Oil Spills & Seabirds Acute Mortality Sublethal effects Indirect effects Population level




 Seabirds and oil spills



Seabirds are probably at greater risk of suffering the negative impact of oil spills than most other marine wildlife because they spend much of their lives in contact with the sea surface and because coastlines, where seabirds congregate to breed, may receive a build-up of oil via wave and current action. Indeed, large oil spills killed a dramatic numbers of seabirds. Hence, direct bird mortality immediately following an oil spill typically attracts the greatest public and scientific concern. Nevertheless, delayed (long-term) effects are especially expected in seabirds because they are long-lived animals and upper trophic level consumers. Thus, seabird exposure to oil through contaminated sediments or prey items could potentially elicit adverse physiological responses and birds may be affected indirectly via habitat change and reduced food availability, which, in turn, have long-term population consequences.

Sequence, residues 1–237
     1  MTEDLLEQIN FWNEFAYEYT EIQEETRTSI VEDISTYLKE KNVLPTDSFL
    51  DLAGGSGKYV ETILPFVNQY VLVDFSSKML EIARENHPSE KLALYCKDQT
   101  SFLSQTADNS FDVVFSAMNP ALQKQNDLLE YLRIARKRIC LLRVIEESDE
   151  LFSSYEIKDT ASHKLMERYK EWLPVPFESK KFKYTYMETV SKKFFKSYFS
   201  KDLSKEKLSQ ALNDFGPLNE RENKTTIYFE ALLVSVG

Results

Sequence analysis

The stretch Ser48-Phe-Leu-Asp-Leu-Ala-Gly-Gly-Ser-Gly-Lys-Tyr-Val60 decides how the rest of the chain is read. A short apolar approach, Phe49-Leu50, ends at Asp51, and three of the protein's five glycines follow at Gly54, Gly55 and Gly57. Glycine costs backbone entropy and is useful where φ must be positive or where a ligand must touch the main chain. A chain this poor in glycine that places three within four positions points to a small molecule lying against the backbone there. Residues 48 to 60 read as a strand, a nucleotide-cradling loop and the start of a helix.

Three pathways of long-term impact of Prestige oil spill on seabirds at population level are currently being detected by our team:

1) acute mortality and their complex consequences, as sex-ratio distortions in breeding populations

2) chronic exposures with sublethal consequences

3) indirect effects mediated through a reduction on the availability of fish preys.

Alberto Velando. Universidade de Vigo  


Última modificación: 26 de noviembre de 2007